Immersion of the visitors in the storyline had no equivalent to the high-tech beaming on board the Enterprise-D in Klingon Encounter. Here it was accomplished only by a quick introduction of the state of danger, by on-screen Trek series cast members Kate Mulgrew, Robert Picardo and numerous other actors. The plot involved the participants in several close encounters with Borg drones.

Though using no ride simulator, this adventure culminates in a space battle with the Borg Queen (played by the original Actress from the Star Trek movies, Alice Krige) via a 3-D movie with corresponding physical effects including water vapor, wind, and being "stabbed" with a Borg probe (thus the “4D” in the title).

The former Star Trek bar in 2014.

While Klingon Encounter goes to great effort to utilize Trek staples to justify the incorporation of 21st-century humans into a futuristic, far-off adventure (beaming, a spaceflight, and time travel) no such effort is made to justify participation in the plot of Borg Invasion 4-D.

Secrets Unveiled

A special behind-the-scenes tour was also available for visitors starting in August 2005. The tour followed a basic script and was timed to allow access to parts of the attraction while they were unoccupied by other guests enjoying the rides. Many of the tour guides also included trivia questions and allowed for Q&As during the tour.

During the tour, the tour guide provided an overview of the attraction's history and shared anecdotes about the various model ships and items displayed in the museum. The tour began at the main entrance and continued through the ride queue corridor, granting guests backstage access for the first time. The tour included visits to various backstage areas, such as the wardrobe and makeup departments, as well as an opportunity to explore the sets used for the rides in greater detail. This allowed guests to appreciate the intricate details of the sets that might have been overlooked during the rides and also revealed some of the operational secrets that contributed to creating an immersive 24th-century experience for the guests.

Photography was not allowed on the tour due to copyright and licensing agreements with Viacom, the then-owner of the rights to the Star Trek franchise.

At the conclusion of the tour, guests were invited to sign a guestbook and were given a certificate containing the guests' name, the date, the tour number, and the signature of the tour guide. Guests were also allowed to keep the VIP badge they wore throughout the tour.

There were only five backstage tours on a given day, and they were not included in the cost of general admission.


The logo to the former Star Trek Experience still outside of Westgate, seen from the Las Vegas Monorail Westgate Station.

Following the sale of Paramount Parks to Cedar Fair in 2007, a decline in admissions along with failed negotiations between Cedar Fair and the Las Vegas Hilton brought about the attraction's closure on September 1, 2008.[4]

The closing ceremony was held on September 1, 2008. The public was invited to attend the ceremony, which was presented in the tradition of a naval decommissioning ceremony. Giving the keynote at the closing was Suzie Plakson, who introduced all the members of Star Trek: The Experience staff. April Hebert, who played the Vulcan T'pril, was introduced last as the longest serving cast member of Star Trek: The Experience and given the United Federation of Planets banner. Avery Brooks and Chase Masterson were also in attendance for the closing ceremony, and Garrett Wang made a brief appearance at Quark's shortly before closing. Chad Boutte, Operations Manager of Star Trek: The Experience, gave the final speech with the final words "live long and prosper".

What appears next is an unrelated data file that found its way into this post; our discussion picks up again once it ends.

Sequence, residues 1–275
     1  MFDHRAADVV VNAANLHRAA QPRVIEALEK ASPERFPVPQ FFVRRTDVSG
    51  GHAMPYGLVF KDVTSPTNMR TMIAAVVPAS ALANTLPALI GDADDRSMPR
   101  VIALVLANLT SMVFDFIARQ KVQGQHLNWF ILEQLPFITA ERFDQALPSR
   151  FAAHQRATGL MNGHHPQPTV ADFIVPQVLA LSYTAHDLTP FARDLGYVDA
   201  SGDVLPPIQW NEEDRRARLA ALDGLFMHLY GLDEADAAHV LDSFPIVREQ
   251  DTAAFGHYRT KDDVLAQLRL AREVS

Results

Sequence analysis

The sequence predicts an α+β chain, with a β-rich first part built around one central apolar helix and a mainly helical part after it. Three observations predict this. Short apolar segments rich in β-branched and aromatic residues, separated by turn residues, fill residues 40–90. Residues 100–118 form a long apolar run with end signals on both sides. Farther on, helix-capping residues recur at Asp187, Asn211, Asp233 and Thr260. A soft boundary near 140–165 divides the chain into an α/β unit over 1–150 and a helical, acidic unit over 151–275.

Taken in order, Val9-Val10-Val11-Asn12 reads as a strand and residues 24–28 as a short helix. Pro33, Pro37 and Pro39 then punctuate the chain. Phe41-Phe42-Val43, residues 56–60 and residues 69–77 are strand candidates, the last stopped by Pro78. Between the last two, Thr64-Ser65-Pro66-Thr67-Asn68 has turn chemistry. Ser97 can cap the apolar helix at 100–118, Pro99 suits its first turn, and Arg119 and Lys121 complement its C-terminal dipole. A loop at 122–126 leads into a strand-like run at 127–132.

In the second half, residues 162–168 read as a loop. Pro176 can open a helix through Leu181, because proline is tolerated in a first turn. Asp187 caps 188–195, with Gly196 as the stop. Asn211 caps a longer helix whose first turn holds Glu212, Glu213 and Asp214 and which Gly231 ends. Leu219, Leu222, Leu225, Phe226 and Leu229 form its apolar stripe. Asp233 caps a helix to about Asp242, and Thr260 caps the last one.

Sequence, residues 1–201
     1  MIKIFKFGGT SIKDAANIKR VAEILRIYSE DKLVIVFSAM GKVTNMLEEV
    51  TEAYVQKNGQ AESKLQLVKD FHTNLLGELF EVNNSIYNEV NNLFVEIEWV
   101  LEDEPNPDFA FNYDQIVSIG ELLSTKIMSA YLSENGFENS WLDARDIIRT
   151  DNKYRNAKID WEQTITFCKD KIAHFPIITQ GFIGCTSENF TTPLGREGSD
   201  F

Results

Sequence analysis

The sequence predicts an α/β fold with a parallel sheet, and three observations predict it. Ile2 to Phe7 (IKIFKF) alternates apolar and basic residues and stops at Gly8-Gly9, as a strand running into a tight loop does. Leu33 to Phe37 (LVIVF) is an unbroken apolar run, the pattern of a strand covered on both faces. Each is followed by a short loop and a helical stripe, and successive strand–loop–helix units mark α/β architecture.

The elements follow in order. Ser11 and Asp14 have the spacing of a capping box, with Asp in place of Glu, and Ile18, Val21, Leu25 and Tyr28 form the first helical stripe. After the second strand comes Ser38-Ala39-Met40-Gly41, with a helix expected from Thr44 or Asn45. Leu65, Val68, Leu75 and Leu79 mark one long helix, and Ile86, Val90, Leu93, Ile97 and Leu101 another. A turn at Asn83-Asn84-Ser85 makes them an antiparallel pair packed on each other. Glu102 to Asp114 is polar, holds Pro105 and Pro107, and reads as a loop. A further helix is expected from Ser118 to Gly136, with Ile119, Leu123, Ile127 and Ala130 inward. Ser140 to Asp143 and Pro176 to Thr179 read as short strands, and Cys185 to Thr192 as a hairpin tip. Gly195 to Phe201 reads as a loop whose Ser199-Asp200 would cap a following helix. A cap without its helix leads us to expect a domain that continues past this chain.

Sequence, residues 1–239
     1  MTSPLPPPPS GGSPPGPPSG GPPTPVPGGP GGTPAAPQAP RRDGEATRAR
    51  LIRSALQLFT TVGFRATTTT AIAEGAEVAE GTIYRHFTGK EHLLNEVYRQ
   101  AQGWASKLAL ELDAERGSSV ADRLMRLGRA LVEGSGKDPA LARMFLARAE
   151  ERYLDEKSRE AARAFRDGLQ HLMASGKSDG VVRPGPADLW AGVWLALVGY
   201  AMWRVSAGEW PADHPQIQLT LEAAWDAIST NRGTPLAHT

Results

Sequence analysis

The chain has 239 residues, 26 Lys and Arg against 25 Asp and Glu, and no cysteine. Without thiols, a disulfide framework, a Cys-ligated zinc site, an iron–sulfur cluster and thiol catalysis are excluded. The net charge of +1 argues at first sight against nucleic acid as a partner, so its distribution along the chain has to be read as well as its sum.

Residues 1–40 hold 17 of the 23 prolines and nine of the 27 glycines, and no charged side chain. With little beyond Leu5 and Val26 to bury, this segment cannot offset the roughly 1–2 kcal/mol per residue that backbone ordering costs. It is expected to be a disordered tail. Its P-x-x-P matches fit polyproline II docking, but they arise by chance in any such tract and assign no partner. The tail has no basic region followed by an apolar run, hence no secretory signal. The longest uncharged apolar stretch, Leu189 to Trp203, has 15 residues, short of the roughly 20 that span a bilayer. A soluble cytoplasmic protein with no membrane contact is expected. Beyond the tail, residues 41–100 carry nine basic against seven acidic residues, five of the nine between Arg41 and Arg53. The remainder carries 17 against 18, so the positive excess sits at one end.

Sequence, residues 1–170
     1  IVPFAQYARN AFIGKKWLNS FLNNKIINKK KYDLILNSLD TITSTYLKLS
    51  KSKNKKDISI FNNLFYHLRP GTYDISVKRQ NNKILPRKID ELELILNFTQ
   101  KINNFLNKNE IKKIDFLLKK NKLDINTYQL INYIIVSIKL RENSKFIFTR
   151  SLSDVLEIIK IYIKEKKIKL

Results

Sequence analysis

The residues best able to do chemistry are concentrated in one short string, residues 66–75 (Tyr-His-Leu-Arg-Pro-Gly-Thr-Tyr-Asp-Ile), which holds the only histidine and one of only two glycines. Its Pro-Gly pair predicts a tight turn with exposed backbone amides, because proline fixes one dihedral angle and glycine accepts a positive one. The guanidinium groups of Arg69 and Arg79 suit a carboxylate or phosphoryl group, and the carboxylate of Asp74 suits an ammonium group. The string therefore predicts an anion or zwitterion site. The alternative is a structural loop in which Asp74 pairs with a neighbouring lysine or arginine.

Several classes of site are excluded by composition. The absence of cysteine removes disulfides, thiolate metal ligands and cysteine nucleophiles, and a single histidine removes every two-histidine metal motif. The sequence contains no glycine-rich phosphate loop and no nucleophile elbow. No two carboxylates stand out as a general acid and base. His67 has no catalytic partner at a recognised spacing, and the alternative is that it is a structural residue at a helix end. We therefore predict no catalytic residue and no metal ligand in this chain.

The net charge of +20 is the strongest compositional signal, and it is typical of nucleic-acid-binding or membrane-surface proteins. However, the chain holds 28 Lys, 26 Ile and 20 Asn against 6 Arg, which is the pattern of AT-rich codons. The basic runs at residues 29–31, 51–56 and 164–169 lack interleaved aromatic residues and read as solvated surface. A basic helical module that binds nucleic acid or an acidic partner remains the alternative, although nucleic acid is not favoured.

Moving and sale

Mayor Oscar Goodman stated in a news conference on October 16, 2008, that a possible deal to move and reopen core elements of STTE was being negotiated between CBS and Rohit Joshi, developer of the Neonopolis Mall. The first phase of the reopening was rumored to coincide with the theatrical release of the next Star Trek film on May 8, 2009.

Despite the announced license deal, the remnants of the attraction, including the Quark's Bar sign, wardrobe and furniture from the recreated set pieces, were sold during a warehouse sale in April 2010 and at a larger auction that August. Anything deemed unsalable due to size or damage, or that remained unsold at the end of the warehouse sale, was destroyed. Under the terms of Paramount's original license, the various items (ships, models, etc.) constructed for the attraction reverted to Paramount's ownership upon the attraction's closure.

Plans to move Star Trek: The Experience stalled when Neonopolis lost the license due to noncompliance with the terms of the contract due to loss and lack of funding. Joshi's entire quick-save project was all occurring in the long shadow of the September 2008 stock market crash and resulting Great Recession, then just getting underway.[2]

As of 2023, no announcements regarding a new, permanent attraction to replace Star Trek: The Experience have been made.[citation needed]


Star Trek: The Experience was designed by Landmark Entertainment. It received an Award for Outstanding Achievement from the Themed Entertainment Association in 1998.

See also


  1. ^ "Cedar Fair, L.P. to Acquire Paramount Parks". Cedar Fair, L.P. May 22, 2006. Archived from the original on April 7, 2007. Retrieved December 19, 2008.
  2. ^ a b "No Progress On Bringing Star Trek: The Experience Back To Las Vegas [UPDATED]".
  3. ^ Huffstutter, P.J. (August 4, 1997). "Virtual Rides Take Off". Los Angeles Times. Archived from the original on January 28, 2013. Retrieved December 29, 2012.
  4. ^ Pascale, Anthony (June 29, 2008). "Star Trek The Experience Closing In September [UPDATED]". Retrieved June 30, 2008.